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26S T he chemical industry is changing dramatically, broaden- ing its goals beyond commodities to specialty products. The term “chemical industry” is used rather generally here to encompass those sectors that employ chemical engineers in significant numbers (e.g., chemical, petrochemical and phar- maceutical). Specialty products require that core chemical engineering skills be applied in a different way than for com- modities. The specific skill set required depends sharpl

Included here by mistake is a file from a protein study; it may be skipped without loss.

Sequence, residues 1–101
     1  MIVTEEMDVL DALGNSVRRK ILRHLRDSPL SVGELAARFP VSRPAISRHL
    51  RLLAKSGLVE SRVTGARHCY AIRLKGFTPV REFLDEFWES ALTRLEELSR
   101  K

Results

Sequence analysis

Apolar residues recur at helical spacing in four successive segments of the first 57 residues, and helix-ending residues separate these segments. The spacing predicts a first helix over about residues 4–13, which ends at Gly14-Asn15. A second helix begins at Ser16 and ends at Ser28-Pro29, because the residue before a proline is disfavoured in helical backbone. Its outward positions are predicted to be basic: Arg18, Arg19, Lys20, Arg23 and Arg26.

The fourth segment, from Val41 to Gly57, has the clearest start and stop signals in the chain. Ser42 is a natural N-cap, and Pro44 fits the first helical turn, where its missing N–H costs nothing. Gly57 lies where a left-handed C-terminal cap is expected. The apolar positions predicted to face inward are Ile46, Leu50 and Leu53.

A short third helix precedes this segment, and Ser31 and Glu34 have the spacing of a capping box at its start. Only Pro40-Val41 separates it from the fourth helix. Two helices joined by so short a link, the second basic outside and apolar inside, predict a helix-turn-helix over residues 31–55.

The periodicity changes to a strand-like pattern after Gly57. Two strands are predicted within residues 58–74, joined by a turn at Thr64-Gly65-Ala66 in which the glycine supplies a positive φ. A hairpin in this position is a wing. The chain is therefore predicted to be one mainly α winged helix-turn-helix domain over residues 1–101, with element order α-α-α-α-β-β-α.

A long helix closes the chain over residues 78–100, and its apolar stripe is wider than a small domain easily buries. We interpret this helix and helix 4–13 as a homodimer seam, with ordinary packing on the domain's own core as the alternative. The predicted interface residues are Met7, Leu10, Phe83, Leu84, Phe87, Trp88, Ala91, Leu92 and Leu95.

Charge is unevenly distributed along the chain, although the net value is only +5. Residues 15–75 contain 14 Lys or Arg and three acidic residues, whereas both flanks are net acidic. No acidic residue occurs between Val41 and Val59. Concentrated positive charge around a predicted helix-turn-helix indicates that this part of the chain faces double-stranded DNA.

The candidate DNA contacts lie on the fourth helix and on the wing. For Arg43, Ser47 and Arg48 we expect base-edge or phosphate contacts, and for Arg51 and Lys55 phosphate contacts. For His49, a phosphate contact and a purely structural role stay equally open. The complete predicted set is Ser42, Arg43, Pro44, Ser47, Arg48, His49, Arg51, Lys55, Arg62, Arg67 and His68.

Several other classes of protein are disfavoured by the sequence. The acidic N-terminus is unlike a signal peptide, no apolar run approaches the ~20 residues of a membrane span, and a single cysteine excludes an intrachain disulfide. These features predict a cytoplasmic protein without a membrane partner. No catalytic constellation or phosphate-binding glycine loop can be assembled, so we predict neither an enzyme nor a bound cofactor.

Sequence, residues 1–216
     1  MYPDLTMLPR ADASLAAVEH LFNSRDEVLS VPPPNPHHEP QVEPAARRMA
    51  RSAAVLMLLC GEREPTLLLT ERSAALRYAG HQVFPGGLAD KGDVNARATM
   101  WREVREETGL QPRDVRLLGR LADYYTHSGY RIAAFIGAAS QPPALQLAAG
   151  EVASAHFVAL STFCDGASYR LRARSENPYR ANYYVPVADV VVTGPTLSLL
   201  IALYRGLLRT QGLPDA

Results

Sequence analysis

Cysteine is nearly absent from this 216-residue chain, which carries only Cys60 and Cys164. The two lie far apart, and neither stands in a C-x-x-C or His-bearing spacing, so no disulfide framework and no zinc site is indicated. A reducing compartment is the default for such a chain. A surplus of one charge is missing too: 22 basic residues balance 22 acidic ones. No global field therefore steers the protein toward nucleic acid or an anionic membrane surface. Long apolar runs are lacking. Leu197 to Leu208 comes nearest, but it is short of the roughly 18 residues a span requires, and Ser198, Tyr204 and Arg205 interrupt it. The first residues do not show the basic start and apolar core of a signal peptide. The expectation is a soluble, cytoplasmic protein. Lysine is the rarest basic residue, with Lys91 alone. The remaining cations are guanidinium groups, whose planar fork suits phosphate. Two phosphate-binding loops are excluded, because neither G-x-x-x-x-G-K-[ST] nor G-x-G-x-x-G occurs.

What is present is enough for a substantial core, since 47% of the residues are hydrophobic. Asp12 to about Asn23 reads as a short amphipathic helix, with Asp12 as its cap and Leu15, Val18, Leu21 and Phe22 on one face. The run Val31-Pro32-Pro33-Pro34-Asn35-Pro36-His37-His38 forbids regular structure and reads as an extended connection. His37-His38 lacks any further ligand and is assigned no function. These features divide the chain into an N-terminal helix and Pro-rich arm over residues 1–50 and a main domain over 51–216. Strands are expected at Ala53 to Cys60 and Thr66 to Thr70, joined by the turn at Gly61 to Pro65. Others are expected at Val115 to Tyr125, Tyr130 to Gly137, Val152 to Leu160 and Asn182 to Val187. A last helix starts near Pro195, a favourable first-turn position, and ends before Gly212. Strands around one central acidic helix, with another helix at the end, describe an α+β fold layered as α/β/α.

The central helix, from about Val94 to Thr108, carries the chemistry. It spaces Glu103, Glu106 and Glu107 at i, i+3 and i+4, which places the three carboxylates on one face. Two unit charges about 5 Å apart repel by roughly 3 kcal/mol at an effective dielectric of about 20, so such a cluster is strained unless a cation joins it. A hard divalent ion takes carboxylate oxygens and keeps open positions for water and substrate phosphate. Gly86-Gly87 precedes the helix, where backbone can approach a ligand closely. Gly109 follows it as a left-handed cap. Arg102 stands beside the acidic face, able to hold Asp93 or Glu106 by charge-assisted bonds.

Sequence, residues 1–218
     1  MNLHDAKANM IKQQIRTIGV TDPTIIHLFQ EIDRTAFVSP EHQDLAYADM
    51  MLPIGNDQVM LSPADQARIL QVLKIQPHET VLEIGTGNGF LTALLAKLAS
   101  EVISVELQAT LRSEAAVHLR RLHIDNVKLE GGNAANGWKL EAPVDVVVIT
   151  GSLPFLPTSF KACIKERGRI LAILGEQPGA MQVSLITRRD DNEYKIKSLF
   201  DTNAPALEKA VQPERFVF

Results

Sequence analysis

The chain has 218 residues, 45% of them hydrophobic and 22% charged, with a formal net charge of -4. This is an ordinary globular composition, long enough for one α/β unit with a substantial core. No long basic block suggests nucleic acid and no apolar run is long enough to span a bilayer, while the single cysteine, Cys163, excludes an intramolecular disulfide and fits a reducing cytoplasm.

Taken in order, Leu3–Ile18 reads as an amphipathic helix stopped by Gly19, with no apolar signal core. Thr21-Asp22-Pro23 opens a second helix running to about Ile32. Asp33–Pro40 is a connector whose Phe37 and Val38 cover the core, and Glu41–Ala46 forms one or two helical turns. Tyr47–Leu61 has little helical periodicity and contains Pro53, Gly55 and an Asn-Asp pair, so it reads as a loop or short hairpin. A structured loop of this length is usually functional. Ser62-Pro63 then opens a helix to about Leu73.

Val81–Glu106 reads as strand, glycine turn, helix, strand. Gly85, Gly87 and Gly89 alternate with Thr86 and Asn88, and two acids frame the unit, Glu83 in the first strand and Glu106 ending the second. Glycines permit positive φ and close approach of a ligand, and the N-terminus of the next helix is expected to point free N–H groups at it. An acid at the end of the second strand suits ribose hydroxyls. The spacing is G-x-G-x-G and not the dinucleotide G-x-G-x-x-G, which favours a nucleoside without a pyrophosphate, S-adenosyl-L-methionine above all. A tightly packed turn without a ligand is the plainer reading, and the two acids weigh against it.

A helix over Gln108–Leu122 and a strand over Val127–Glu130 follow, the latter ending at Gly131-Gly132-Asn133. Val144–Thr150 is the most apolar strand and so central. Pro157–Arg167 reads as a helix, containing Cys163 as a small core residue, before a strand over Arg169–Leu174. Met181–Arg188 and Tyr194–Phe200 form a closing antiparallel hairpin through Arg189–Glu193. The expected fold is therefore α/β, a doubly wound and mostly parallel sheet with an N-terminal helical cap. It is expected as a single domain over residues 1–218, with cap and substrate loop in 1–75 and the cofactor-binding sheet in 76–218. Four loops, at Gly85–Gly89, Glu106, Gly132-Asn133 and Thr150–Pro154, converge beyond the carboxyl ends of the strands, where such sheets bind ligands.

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  26S T he chemical industry is changing dramatically, broaden-ing its goals beyond commodities to specialty products.The term “ chemical industry ” is used rather generally here toencompass those sectors that employ chemical engineers insigni fi cant numbers ( e.g. , chemical, petrochemical and phar-maceutical).Specialty products require that core chemicalengineering skills be applied in a different way than for com-modities.The speci fi c skill set required depends sharply onthe maturity of the particular product.At present, chemicalengineering skill sets are focused on effecting marginal im-provements to commodities and mature specialty products.Chemical engineers are less well prepared, especially inmindset, to take a leading role in the development and com-mercialization of new, specialty products.There will also be new challenges for chemical engi-neers stemming from the future need for a more sustain-able development of economies.Chemical engineers willhave to develop large-scale technologies and innovativematerials to allow for a better closure of material cycles.In the last 20 years, the chemical industry has under-gone enormous changes.The fi rst group to recognizethese changes was the industrial executives who redirectedtheir companies, making them more efficient and changingtheir business objectives.The second group was studentsin chemical engineering, who saw the jobs they expectedto be given, replaced by interesting, but very different op-tions.The last to recognize the changes was the professorsof chemical engineering, the keepers of the intellectualarchive.In this changed situation, we chemical engineersneed to consider the future of our profession, especially asit is re fl ected in professional education. RECENT HISTORY OF THE CHEMICAL INDUSTRY To begin, we can bene fi t by reviewing the changes thathave shaken the chemical industry.From 1950 to 1970, theindustry enjoyed logarithmic growth.DuPont was the Mi-crosoft of that period, as the chemical industry changed ev-erything from our clothing to our children ’ s toys.In the peri-od from 1970 to 1990, the industry underwent enormousconsolidation.For example, the number of vinyl chloridemanufacturers dropped by 70%, even though production in-creased by 700%.This period was the golden age of com-puter-aided design.Because of such design, the efficientoperation of larger chemical plants was possible.But since about 1990, the chemical industry has entereda third stage.This stage has seen established mainstays ofthe industry, such as Monsanto, Union Carbide and ICI, dis-appear.The period has also been marked by a dramaticchange in the professional lives of chemical engineers.Afterall, whether this period enforces “ downsizing, ”“ rightsizing, ” or “ redundancy, ” it still means that many engineers will be out ofwork at several points during their careers.While this change in the chemical industry has beendramatic, the change in the educational system has beenalmost indiscernible.This is not necessarily bad;at leastone part of our society should provide some intellectualstability.Professors are by nature conservative, in that theyconserve what they are good at doing.After all, one of theirchief responsibilities is the conservation of society ’ s knowl-edge.To epitomize this feeling, the Colleges at the Univer-sity of Cambridge adopted the saying, “ Slow change isgood ...but no change is better. ” Perhaps this is why theuniversity has existed for nearly 800 years.Still, even professors cannot ignore the changes in thechemical industry.As an indication of these changes, con-sider the 20 most highly valued companies in the U.S.,shown in the table.The rank of the companies is based ontheir market capitalization ( CEP  , Feb.2001, pp.69  –  74).Typically, chemical engineering professors have three re-actions to this data.First, they scan the list for any compa-nies whose shares they do not own, presumably as a mea-sure of their own success as investors.Second, they arguethat the ranking is not exact, that current stock prices affectpositioning.Third, they quibble over the classi fi cation of thecompanies.For example, they argue that Procter & Gambleshould really be classi fi ed as a chemical company.This is not the point.The point is that the in fl uence of thechemical industry on society as a whole has eroded enor-mously.The highest ranked chemical company on the list,ExxonMobil, is there only because of merger;had it stayedas two separate companies, it would be lower.One look at Edward L.Cussler, University of Minnesota David W.Savage, DWSavage Consulting LLC  Anton P.J.Middelberg, University of Cambridge Matthias Kind, Universität Karlsruhe Refocusing  Chemical Engineering  To adapt to changes in the industry,chemicalengineers will require achange in mindset,as wellas an enhanced skillset  the future A N  E VOLUTION IN  C HEMICAL  E NGINEERING I CEP  January   2002  27S this table tells us immediately why we have felt out of themainstream in the last 10 years.  We have been. This change in the chemical industry has had a dramaticeffect on the lives of our graduates.In the U.S., chemicalengineering salaries in in fl ation-corrected terms have beenconstant since 1970.This is in contrast with 1950 to 1970,when salaries in the chemical industry rose signi fi cantly inreal terms.We do not mean to belittle the fact that the start-ing salaries for chemical engineers remain high;indeed,they are the envy of many other professions.We do assertthat constant salaries are a mark of a mature industry.The changes in the chemical industry have also changedchemical engineering careers, as shown in Figure 1.This fi gure contrasts the jobs of students three years after gradu-ation.We chose three years after graduation because wethink the fi rst jobs that students take often prove unsatisfac-tory.Only after a few years do they settle down into a morede fi ned career.As you can see, in 1975 the job market forchemical engineers was dominated by those in the com-modity chemical industry;75% of our gradu-ates went to this industry, to companies likeDuPont, Dow, Exxon and Shell.The remain-ing 25% were roughly split into companiesmaking products such as paint, adhesives,and electronics and into those involved inconsulting.In the category of consulting, wehave put not only those engineers who arefull-time consultants, but also any that don ’ t fi t into commodity or the product classi fi ca-tions:educators, government employees,and so on.The contrast of 1975 to 1995 is striking.The employers manufacturing commoditychemicals now hire less than one quarter ofgraduating chemical engineers.Consultinghas grown dramatically, largely becausemany engineering services are now out-sourced.But the truly dramatic change in1995 data is the increase of those involved inproducts.Over 50% of chemical engineers inNorth America appear to work in industrieswith a product orientation.Not yet visible in Figure 1 are changes inthe profession of chemical engineering thatwill be due to the future needs for a more sustainable devel-opment of economies.It is commonly accepted that the pre-sent and future consumption of material will create moreand more global problems of a different kind ( e.g. , famineand poverty).It also is commonly accepted, that the timeframe for the appearance of these problems is uncertain.De fi nitively, in some areas of our planet, the problems canbe seen already now. WHAT THE CHEMICAL INDUSTRY MAKES NOW Today, chemical engineers are concerned with chemicalproducts, as well as with chemical processes.Before we gofurther, we need to re fl ect on the meaning of “ products. ” After all, companies such as ExxonMobil certainly makeproducts like polypropylene, and these products have enor-mous commercial value.When we describe changes inchemical engineering employment, we have used the cate-gories of “ commodities ” and “ products ” without careful de fi -nition.To make these categories more meaningful, we needto de fi ne them more accurately and describe the differentengineering that they imply.We can do this by answeringthree questions:How much is made?, What equipment isused?, and Which producer makes the most money? Commodity products  1.How much is made? Commodities are normally madein quantities greater than 10,000 tons/yr.2.What equipment is used? Commodities are typically 1975 ProductsCommoditiesCommoditiesConsultingConsulting 1995 Products  Table. The Largest U.S. Companies in 1979 and 1999. *   1979Capitalization,1999Capitalization,RankCompany $ BillionsRankCompany $ Billions  1.IBM37.61.Microsoft601.0 2.AT&T36.62.GE507.2  3.Exxon24.2 3.Cisco355.1 4.General Motors14.54.Wal-Mart307.9  5.Schlumberger11.95.ExxonMobil278.7 6.Amoco11.8 6.Intel275.0  7.Mobil11.7 7.Lucent228.7 8.GE11.58.AT&T226.7  9.Sohio10.8 9.IBM196.6 10.Chevron9.6 10.Citigroup187.5 11.Atlantic Richfield9.3 11.America Online169.5 12.Texaco7.8 12.AIG167.4 13.Eastman Kodak7.8 13.Oracle159.5 14.Phillips Petroleum7.4 14.Home Depot158.2 15.Gulf Oil6.815.Merck157.1 16.Procter & Gamble6.116.MCI Worldcom149.3 17.Getty Oil6.1 17.Procter & Gamble144.2 18.3M5.9 18.Coca-Cola143.9 19.DuPont5.8 19.Dell Computer130.1 20.Dow Chemical5.820.Bristol-Myers Squibb127.3 *Data for this table was excerpted from Prepare for a Different Future by Calvin Cobb ( CEP  , Feb. 2001, pp. 69  –  74).Note: Bolded items indicate the company has a major presence in the chemical industry. Figure 1. Careers in 1975 vs.1995.  28S made in dedicated equipment that is operated continuously.3.Which producer makes the most money? As a gener-al rule, the one with the lowest manufacturing cost will bethe most pro fi table.The choice of 10,000 tons/yr is the rough consensus ofthose in the chemical industry.Many of these commoditychemicals are made from petroleum, and they provide mostof the examples in the current chemical engineering under-graduate curriculum.Although some inorganics are men-tioned, usually in discussions of stoichiometry, the vast bulkare petrochemicals ( e.g. , ethylene and vinyl chloride).Since about 1970, these commodity organics are almostalways made in large chemical plants dedicated to making asingle product.The reason is that the cost of a chemicalplant is roughly proportional to the two-thirds power of its ca-pacity.Although the reasons for this proportionality are com-plex, we can rationalize it by saying that the plant cost is pro-portional to the amount of steel needed, which is roughlyproportional to the equipment ’ s surface area, which is pro-portional to the two-thirds power of the equipment ’ s volume.Thus, if we want to make commodity chemicals, we mustbe prepared for a huge capital investment.This is why thecapital investment per employee is larger in commoditychemicals than in any other industry.It is also why we areforced to operate continuously.We cannot afford to everhave so much expensive equipment sitting idle.Most chemical commodities have been made for decadesusing mature technology.Moreover, the commodities arechemically well de fi ned.For example, there is no differencebetween propylene made by ExxonMobil or by Celanese;there is no difference between urea made by W.R.Grace orby Cargill.These markets are highly competitive.As a result, the large, dedicated chemical plants must berun efficiently to make a pro fi t.This is why process optimiza-tion and computer control have been so important to thecommodity chemical business.Because commodities usemature technology in a huge, but competitive market, wehave limited options for growth.No wonder that small incre-mental advantages discovered with computers has been soimportant. Specialty products  1.How much is made? Most specialties are made inquantities less than 10 tons/yr.2.What equipment is used? Specialty chemicals tend tobe made in standard equipment.3.Which producer makes the most money? The compa-ny that fi rst markets the product tends to get 70% of thetotal sales.The small amounts of specialty products made usuallyimply manufacture in batch processes, not continuous ones.These batch processes often will not run 24 h/d, and rarelyrun all year.Instead, production is usually in “ campaigns ” inwhich the product is made for a few weeks and then storedas inventory.In extreme cases, as in the drug industry, theinventory may never exceed a few hundred grams.When theinventory gets small, another campaign is started.These small amounts are produced in standard equip-ment that is used for several different products.In the phar-maceutical industry, we fi nd the equipment used for asmany as 20 different products.The equipment is often agaggle of stainless steel reactors, stills, extractors, and, im-portantly, holding tanks.These are not optimized for anyone speci fi c product.Instead they are designed for fl exibilityfor many different chemistries.The standard equipment is often operated in ways thatclosely imitate the srcinal product-discovery experiments inthe laboratory.The reactors tend to be large-scale analogsof round-bottom fl asks.Reagents are added to the fl ask andthe reaction is often carried out in liquid solution.Then,other solvents are added, for example, to precipitate the re-action product.The remaining solution is decanted, differentsolvents are added to redissolve the product, and newreagents are metered in to start a different reaction.Thus, inspecialty manufacture, different reactions do not use severaldifferent reactors, but rather one pot.Many engineers react with horror when they fi rst seethese specialty syntheses.They immediately see ways tomake “ process improvements ” like getting faster conversionsor using less carcinogenic solvents.These changes arerarely welcomed because these complex reactions may bedifficult to control.When the process is working, those in pro-duction are always suspicious of any “ improvements. ” Chemical engineers must therefore be involved at theearly stages of product and process de fi nition;improve-ments must be effected before the process is working.How-ever, the chemical engineers thus engaged must recognizethat the basis of competitive advantage is different in spe-cialty product manufacture;speed, not cost, is often thedominant driver of competitive advantage.While this haste invariably leads to waste, inefficiency inmanufacture can be tolerated in a way that would simply notbe acceptable for commodity manufacture.Haste ensures alarger market share is secured.Moreover, specialty chemi-cals have much higher pro fi t margins, hundreds of percentvs.ten percent for commodities.This underlines the needfor speed.The differences between specialties and com-modities mean that engineering skills must be applied in adifferent manner, that additional skills must be provided,and that a different mindset must be adopted.Clearly, theprovision of additional skills mandates removal of some ex-isting content from chemical engineering courses.The po-larization of competitive advantage into either speed or costsuggests that different streams of chemical engineeringmay be required. the future A N  E VOLUTION IN  C HEMICAL  E NGINEERING I CEP  January   2002  29S DIFFERENT PRODUCTS REQUIRE DIFFERENT SKILLS In this situation, we need to ask which chemical engineer-ing skills will be required by the chemical industry in the fu-ture.One way to fi nd out is to use familiar S-curves, like thatshown in Figure 2.In such an S-curve, we plot the societalgain of a product vs.the product maturity.By “ societal gain, ” we mean not only the pro fi ts earned by the company, butalso the improved well-being of the population as a whole.As Figure 2 shows, the amount of gain depends dramat-ically on the product ’ s maturity.When a product is com-pletely immature, we must make an enormous effort foreven a small gain for society.When a product is becomingmature, we can have enormous gain with a relatively smalleffort.When a product becomes more completely mature,the gain is again limited, even though the business oppor-tunities may be substantial.These three different maturitieswere vividly represented by studies on three different prod-ucts:the drug Premarin, the drug Celebrex and materialsfor tissue scaffolding.We begin our comparison with Premarin, which is an ex-tract of pregnant mares ’ urine taken to alleviate the symp-toms of menopause.The process for making Premarin,which is described in patents that expired over 20 yearsago, involves the familiar sequence used for making somany drugs from biological feedstocks.This four-step pro-cess begins with removal of insolubles, usually by fi ltration.It continues with an isolation step, which aims at concentrat-ing the active components of the biological feedstock;thisstep depends on liquid-liquid extraction.The third step, pu-ri fi cation, often involves adsorption, though in the case ofPremarin, this older process uses solvent washing.Finally,the process involves some sort of polishing, like crystalliza-tion, or in this case simply drying.Such a process depends on unit operations that are thecommon knowledge of any quali fi ed chemical engineer.Theproduction of Premarin is not limited by unknown chemicalengineering, and its success depends on the efficient andinexpensive preparation of the extract.The development of the new drug, Celebrex, an anti-arthritis medication, also uses standard chemical engineer-ing techniques, but in ways that stress speed, not efficiency.After all, each day that can be saved in the development, isworth $5 million in sales.The challenge of Celebrex tochemical engineering is fi rst to make enough drugs for clini-cal trials, and second to extend that preparation for com-mercial sales.Moreover, the Food and Drug Administrationinsists that the process used to make the drug for the trialsnot be signi fi cantly altered to make the drug for commercialsales.This means that there is a regulatory caution againstlater chemical engineering development.The third example given in Figure 2 is the developmentof a new material to facilitate the growth of new human tis-sue.Such “ tissue scaffolding ” might be applied to burns toallow the growth of new fl esh.It might permit the growth of anew liver to replace one that is not functioning well.After thenew tissue grows, the tissue scaffolding should slowlyerode, leaving regenerated fl esh.The skills required to de-velop such materials are not yet clear, though they will de-pend on both biochemistry and polymer science. SKILLS AVAILABLE NOW We can now consider what skills are readily available tochemists and chemical engineers on the same criteria.These criteria are conveniently represented by another S-curve, this time, plotting intellectual maturity versus intellec-tual gain.When ideas are new and immature, we need anenormous effort even for a small amount of intellectual gain.When the ideas are developing quickly as they are currentlyfor computer software, we can get a major intellectual gainfor modest effort.As these ideas mature, we will again needa major intellectual effort for modest intellectual gain.The basic ideas of chemical engineering are plotted onthese axes in Figure 3.These ideas include reaction engi-neering and unit operations, ideas that now are mature andso require considerable effort for small gain.These ideasare most appropriate for a generic drug like Premarin andleast appropriate for a new product like tissue scaffolding.The ideas are useful for a new drug like Celebrex to the ex-tent that they permit rapid development.The fact that so many of our chemical engineering ideasrepresent mature products is, of course, a sensible legacyof our srcins in a process industry.It is not bad that this istrue.After all, to serve an industry based on commoditymaterials, we are going to need the detailed understandingthat the subjects shown in Figure 3 represent.For the tradi-tional commodity chemical industry, we are in good shape.But if this industry continues to expand, we chemical engi-neers may be at risk for the future.We currently do not Figure 2. An example of three products of different maturity.GenericPremarinTissueScaffolding    S  o  c   i  e   t  a   l   G  a   i  n Product Maturity Celebrex